Contents: Prizewinning browser, Basic s/w quality, Euro UK, Shuttle, Slammer.
This issue online at http://www.sysmod.com/praxis/prax0302.htm
Systems Modelling Ltd.: Managing reality in Information Systems - strategies for success
Prizewinning browser from a 16-year old
Almost cost-free email for Africa
Getting back to basics
UK Treasury select committee euro inquiry
The Shuttle tragedies
Slam the door on Slammer
And finally .. some good news on fighting SMS Spam!
On the lighter side
If Microsoft had been the first to invent books
17 Web links in this newsletter
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Please email me with your comments as requested in the Euro survey below.
Thanks for your interest,
Adnan Osmani, a sixth year student at St Finian's College, Mullingar, Co Westmeath, won the 2003 Esat BT Young Scientist Ireland prize with an Internet browser. Boys love feature-studded gadgets, so his browser XWEBS includes 120 search engine links, five media players, a DVD player, and a talking cartoon assistant Phoebe. However, the media focus was on his efforts to provide a faster browsing experience (it is speculated he uses lookahead or multi-session techniques), which they interpreted as "faster downloads" and claimed users would not need to upgrade from modem to broadband access. As Karlin Lillington later reported in the Irish Times, it was somewhat unedifying to see adult IT specialists carping about the sixteen-year-old winner of a schools' competition. His application to his work and the quality of the resulting product won praise from judges experienced in both school and university assessments. "We talked to the student and got a much better feeling for what he'd done and the level of his knowledge. The student certainly displayed enough knowledge to prove he'd written it himself, which was my first concern. It certainly is a very impressive piece of technology, a very feature-rich browser. It's an important piece of technology, particularly for someone of his age."
http://radio.weblogs.com/0103966/ Karlin Lillington's comment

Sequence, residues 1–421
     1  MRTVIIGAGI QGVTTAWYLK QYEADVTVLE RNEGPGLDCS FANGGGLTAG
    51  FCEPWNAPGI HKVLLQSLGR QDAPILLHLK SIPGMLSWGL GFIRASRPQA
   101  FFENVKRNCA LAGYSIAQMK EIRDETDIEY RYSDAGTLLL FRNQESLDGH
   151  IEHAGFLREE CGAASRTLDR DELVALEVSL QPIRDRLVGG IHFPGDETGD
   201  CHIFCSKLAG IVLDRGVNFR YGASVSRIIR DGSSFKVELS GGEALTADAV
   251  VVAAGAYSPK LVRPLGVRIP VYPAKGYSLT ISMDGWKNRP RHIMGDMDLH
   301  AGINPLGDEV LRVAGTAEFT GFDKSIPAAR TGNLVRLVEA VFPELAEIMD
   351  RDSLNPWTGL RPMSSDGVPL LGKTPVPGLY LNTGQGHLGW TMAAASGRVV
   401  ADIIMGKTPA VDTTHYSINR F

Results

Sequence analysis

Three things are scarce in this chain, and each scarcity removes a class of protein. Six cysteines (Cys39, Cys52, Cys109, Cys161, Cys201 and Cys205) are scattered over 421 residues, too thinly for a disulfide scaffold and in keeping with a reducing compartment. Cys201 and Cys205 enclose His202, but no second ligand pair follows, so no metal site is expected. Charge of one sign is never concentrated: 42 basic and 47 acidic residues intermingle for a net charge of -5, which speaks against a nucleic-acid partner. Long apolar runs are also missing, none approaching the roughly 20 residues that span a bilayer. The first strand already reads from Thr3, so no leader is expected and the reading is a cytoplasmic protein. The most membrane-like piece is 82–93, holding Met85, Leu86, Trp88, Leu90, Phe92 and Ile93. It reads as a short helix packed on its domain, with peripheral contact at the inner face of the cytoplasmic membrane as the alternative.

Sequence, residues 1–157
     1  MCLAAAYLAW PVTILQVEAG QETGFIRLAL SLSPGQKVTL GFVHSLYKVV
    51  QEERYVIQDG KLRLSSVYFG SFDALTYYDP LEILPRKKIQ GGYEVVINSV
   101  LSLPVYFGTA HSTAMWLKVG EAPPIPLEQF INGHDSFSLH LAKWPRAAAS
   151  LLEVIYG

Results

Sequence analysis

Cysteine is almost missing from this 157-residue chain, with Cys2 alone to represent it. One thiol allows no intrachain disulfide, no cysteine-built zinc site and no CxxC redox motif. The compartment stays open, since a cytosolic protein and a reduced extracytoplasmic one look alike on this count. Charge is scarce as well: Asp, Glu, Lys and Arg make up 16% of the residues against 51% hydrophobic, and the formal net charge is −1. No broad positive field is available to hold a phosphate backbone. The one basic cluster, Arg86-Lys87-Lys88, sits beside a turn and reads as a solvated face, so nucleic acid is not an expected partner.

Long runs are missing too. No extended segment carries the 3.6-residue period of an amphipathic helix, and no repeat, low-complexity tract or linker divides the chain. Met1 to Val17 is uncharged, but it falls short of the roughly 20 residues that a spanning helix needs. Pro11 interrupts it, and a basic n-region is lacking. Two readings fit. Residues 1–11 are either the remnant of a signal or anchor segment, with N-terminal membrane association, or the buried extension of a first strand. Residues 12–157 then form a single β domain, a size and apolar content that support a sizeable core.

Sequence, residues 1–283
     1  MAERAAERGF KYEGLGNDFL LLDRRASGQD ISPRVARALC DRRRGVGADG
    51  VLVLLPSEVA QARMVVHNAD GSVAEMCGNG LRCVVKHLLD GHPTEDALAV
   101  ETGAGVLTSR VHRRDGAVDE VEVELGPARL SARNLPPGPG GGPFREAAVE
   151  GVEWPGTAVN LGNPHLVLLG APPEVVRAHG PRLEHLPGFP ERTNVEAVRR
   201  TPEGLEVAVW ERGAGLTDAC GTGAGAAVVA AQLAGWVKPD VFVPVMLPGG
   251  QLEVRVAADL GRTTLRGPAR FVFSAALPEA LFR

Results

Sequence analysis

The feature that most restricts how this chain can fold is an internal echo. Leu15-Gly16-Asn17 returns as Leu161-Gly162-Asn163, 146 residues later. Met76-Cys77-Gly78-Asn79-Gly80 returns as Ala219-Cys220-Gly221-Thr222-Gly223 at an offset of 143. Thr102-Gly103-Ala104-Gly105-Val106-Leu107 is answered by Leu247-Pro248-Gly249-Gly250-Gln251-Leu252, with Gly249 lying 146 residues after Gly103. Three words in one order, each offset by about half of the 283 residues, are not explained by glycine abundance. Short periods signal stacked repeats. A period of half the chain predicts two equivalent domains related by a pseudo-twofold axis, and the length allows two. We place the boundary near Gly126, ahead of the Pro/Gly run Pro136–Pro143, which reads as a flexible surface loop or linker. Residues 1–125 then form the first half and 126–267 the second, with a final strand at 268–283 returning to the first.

Such embarrassing inaccuracy has a precedent - a previous winner, Sarah Flannery, who won the 1999 award with her mathematics of cryptography, had to learn the downside of fame. She deserved her prize because of the quality of her study, work, and application. That fact that the Cayler-Purser algorithm was later cracked, and she reported that fact, was an illustration of the importance of peer review and the scientific method. As reported in http://www.maa.org/reviews/incode.html : "By no means did she simply make props and code the algorithms: she learned the underlying mathematics. ... Sarah's achievements were greeted with a great deal of media attention. [...] As detailed in [her book 'In code'], the attention and such gushingly imprecise reporting caused Sarah, David and her mentors at Baltimore Technologies some embarrassments and difficulties." For more detail, see http://cryptome.org/flannery-cp.htm
I mentioned the TRINET project in Nov. 2002 PraxIS. I am one of the directors of the Informatics Development Institute (IDI) that is working on this, and this time I want to explain it by contrast with more conventional programmes.
The TRINET project is different from most other "information society" satellite access type of projects. Those projects are typically concerned with giving internet web and email access to communities, for example in towns or villages. They want high bandwidth, 100% availability, and are prepared to pay hundreds or thousands of dollars a month for access.